On Wednesday's edition of his popular "Star Talk" radio show, astrophysicist Neil deGrasse Tyson explained how gravity affects the flow of time and how time passes on different planets with different gravitational fields.
A listener wrote in to "Star Talk" to ask if it's the same time everywhere in the universe. Space flights and the International Space Station are all on Houston time because "that's who they talk to," but, the reader asked, does time move at the same rate everywhere?
"Different parts of the universe are moving at different rates," deGrasse Tyson said, "and time has some relative aspects to it. For example, the GPS satellites, the clocks on them tick at a different rate than clocks on Earth's surface because when you move far away from the source of gravity, your time speeds up."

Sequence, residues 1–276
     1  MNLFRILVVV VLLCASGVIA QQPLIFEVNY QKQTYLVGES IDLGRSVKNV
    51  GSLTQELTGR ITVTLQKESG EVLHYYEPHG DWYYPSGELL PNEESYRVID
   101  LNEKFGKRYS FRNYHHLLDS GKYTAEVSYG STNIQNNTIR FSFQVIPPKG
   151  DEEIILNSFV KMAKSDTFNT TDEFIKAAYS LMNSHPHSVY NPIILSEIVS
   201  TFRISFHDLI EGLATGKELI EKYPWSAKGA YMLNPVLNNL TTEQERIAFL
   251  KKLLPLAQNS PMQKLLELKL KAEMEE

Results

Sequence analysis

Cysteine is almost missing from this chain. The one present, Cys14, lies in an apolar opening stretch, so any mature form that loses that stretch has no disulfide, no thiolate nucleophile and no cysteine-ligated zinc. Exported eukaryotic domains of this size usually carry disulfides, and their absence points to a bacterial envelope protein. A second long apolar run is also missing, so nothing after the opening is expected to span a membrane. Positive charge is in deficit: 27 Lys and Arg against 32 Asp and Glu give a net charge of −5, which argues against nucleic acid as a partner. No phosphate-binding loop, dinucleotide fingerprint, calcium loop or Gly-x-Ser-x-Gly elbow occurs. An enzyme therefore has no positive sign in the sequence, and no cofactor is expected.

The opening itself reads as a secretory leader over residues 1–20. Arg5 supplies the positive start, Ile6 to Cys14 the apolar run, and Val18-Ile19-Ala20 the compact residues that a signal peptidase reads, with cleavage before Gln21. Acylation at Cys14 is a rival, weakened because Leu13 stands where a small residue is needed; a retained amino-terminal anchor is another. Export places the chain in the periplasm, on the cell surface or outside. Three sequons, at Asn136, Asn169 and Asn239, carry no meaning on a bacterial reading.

"So," he continued, "the clocks on the GPS satellites are not ticking at the rate of the clocks that they are informing down here on Earth. The military puts a correction into the clock time of a GPS satellite so that it matches the time we need it to have here on the Earth's surface.
Therefore, depending on where you are in relation to a gravitational force, your clock is ticking slightly differently than those located closer to the source.
Co-host Eugene Mirman then asked, "Okay, so what time is it on Jupiter?"
An interesting way to answer that question, said deGrasse Tyson, would be to place a clock on Earth and the other on Jupiter and take note of how fast they tick.
"The clock on Jupiter," said deGrasse Tyson, "will tick slower because Jupiter's gravitational field slows down the ticking of the clock."
The change is so small, however, that if you had a hypothetical 100 years to live, going to Jupiter would only increase your lifespan by about 10 minutes -- an addition that seems hardly worth the trip.
Watch the video, embedded below via Star Talk Radio: